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Economy in Brief

German PPI Slows Its Year-on-Year Gain in the Face of Oil Price Strength
by Robert Brusca  January 19, 2018

German inflation trends have flattened out despite what has been a period of rapid increases in the oil price. Ex-energy inflation is flat and very mild while the headline PPI shows some of the impact of sharply rising oil prices (see Chart on right for a tracking of Brent oil vs. the German PPI).

Inflation trends are now mixed and contrary. The headline PPI has accelerated from 2.4% over 12 months to a pace of 3.1% over three months and six months. The PPI excluding energy, meanwhile, is in full deceleration mode with inflation dropping from 2.1% over 12 months to 1.7% over six months to 1.5% over three months. The CPI and CPI excluding energy both are trendless with inflation in a 1.6% to 2.2% habitat for the headline and the core for horizons spanning 12 months and three months. Each of these price series shows a hint of acceleration because, for each, the three-month pace is above the 12-month pace.

In the quarter-to-date, the divisions are stark. The PPI headline is up at a 3.3% pace with the ex-energy reading at 1.6%. The CPI has a 1.7% pace with the ex-energy reading at 1.3%. In both cases, inflation measures excluding energy are significantly lower. But this is about history: what should we expect ahead?

The correlation table below shows some interesting and curious results. Looking at the headline PPI, ex-energy PPI, CPI and ex-energy CPI, in all cases the headline has the higher correlation with Brent either in price level terms or looking at year-on-year changes. Price levels correlate higher to Brent than do year-on-year price changes. That might indicate some slipperiness or inconsistency in the pace of the inflation pass-through speeds from oil to consumer or producer prices. A lot of it is simply the impact of a correlation bias because prices grow over time while inflation doesn't (hopefully). The ex-energy PPI and headline CPI have almost the same correlation to Brent. But what is odd and most interesting is the negative correlation of the ex-energy German CPI to Brent even though the price levels correlate well.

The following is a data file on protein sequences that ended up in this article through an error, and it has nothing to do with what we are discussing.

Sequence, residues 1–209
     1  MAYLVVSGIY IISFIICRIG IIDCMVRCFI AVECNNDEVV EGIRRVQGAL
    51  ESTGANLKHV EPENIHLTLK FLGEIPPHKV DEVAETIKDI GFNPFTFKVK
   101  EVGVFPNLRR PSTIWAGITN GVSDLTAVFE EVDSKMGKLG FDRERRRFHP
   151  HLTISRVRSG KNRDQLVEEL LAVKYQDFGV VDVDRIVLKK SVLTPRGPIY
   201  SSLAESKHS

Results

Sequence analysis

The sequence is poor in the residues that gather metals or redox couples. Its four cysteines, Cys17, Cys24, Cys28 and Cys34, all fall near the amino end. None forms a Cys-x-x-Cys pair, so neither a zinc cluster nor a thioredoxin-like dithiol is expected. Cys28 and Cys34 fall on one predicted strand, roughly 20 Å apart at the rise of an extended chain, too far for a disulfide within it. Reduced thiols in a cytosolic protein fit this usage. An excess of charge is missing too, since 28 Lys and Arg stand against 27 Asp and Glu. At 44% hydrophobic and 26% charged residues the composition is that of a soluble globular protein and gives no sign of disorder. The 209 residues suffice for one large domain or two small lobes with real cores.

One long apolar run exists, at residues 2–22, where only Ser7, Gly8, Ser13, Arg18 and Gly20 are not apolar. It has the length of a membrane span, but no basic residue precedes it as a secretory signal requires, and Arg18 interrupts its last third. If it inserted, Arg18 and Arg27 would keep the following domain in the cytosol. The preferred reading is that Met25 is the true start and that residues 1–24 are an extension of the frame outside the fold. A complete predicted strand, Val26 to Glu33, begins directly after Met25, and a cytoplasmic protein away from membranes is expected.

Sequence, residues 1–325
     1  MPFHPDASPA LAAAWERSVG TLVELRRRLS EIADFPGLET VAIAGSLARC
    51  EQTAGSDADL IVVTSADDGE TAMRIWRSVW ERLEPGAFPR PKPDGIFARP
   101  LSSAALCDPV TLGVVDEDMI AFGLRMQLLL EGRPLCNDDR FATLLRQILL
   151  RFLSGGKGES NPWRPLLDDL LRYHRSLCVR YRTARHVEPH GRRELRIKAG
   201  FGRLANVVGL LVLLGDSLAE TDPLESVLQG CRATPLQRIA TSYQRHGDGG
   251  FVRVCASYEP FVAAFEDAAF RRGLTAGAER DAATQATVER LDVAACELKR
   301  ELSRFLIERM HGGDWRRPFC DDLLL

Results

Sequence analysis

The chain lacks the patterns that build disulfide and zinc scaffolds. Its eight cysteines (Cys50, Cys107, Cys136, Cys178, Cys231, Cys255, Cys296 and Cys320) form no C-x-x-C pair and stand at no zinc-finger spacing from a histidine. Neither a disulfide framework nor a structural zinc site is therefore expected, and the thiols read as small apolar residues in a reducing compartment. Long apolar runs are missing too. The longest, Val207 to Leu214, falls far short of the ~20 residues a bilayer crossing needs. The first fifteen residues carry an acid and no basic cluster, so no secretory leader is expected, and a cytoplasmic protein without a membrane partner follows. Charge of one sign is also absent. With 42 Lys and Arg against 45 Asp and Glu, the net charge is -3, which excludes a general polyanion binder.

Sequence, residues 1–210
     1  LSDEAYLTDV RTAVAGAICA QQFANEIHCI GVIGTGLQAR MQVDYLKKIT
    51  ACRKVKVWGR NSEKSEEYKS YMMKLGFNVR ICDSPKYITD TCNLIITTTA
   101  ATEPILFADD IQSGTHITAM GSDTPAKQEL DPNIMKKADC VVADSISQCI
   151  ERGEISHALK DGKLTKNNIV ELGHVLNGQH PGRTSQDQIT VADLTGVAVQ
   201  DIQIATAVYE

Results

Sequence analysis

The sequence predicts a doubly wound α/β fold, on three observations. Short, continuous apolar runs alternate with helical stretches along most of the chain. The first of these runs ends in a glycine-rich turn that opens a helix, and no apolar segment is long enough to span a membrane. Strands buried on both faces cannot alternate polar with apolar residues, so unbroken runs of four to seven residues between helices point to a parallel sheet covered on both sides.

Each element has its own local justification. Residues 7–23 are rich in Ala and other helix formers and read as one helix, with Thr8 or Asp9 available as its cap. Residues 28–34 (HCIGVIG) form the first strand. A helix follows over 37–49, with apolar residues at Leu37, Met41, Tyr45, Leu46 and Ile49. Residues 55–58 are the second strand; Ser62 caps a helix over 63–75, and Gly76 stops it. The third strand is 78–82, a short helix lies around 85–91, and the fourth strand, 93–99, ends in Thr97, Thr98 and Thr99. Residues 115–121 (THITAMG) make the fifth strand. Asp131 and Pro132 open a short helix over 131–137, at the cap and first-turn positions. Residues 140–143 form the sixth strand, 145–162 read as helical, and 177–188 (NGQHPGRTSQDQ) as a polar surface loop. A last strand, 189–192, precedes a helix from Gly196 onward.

The reason for this unexpected peculiarity is that so many oil prices spikes correlate with German economic downturns. And when the German economy turns lower, the CPI is damped and it slows creating a negative correlation to rising oil prices. The impact of the German downturn on the German ex-energy price level comes first and hits much harder than it hits Brent.

As the top table shows, oil prices are rising again. The pace of the rise in Brent is nearly at 80% over three months and six months compounded and annualized. In Q4, the pace on that basis is over 90%. OPEC and friends have finally been able to control output, but the IEA nonetheless estimates that this year oil production in the U.S. will outstrip production in Saudi Arabia. The U.S. fracking industry is still going strong and will be adding to supply. It is a question as to whether global growth is going to come on-stream fast enough to exert demand side pressure on energy prices. The supply balance is going to be fed by U.S. fracking. So while there has been some recovery in oil pricing, I think we need to remain somewhat suspicious of the extent of oil's rise and of its sustainability at these levels. I know I don't need to remind you of oil's tendency to overshoot. Oil does not go from low to high and stay there. It does go from way too low to way too high and then pulls back to find a lower trading range. This is the price discovery process oil currently is playing out in markets. And remember it is using artificial output restriction to achieve its objective. Once oil marks a trading range and the Saudis and Russians go back to their desired output levels, there is no guarantee that this range (whatever it turns out to be) will hold. The two key players in this output restriction game, the Saudis and Russians, really need their oil revenues. They may be able to sustain production caps for a period of time but not indefinitely- that is especially true for Russia. Both Russia and the Saudis are one-trick ponies when it comes to where their revenues come from. It's oil hands down. And that should make us wary of the staying power of output restrictions and of the potential for oil prices to remain 'high.'

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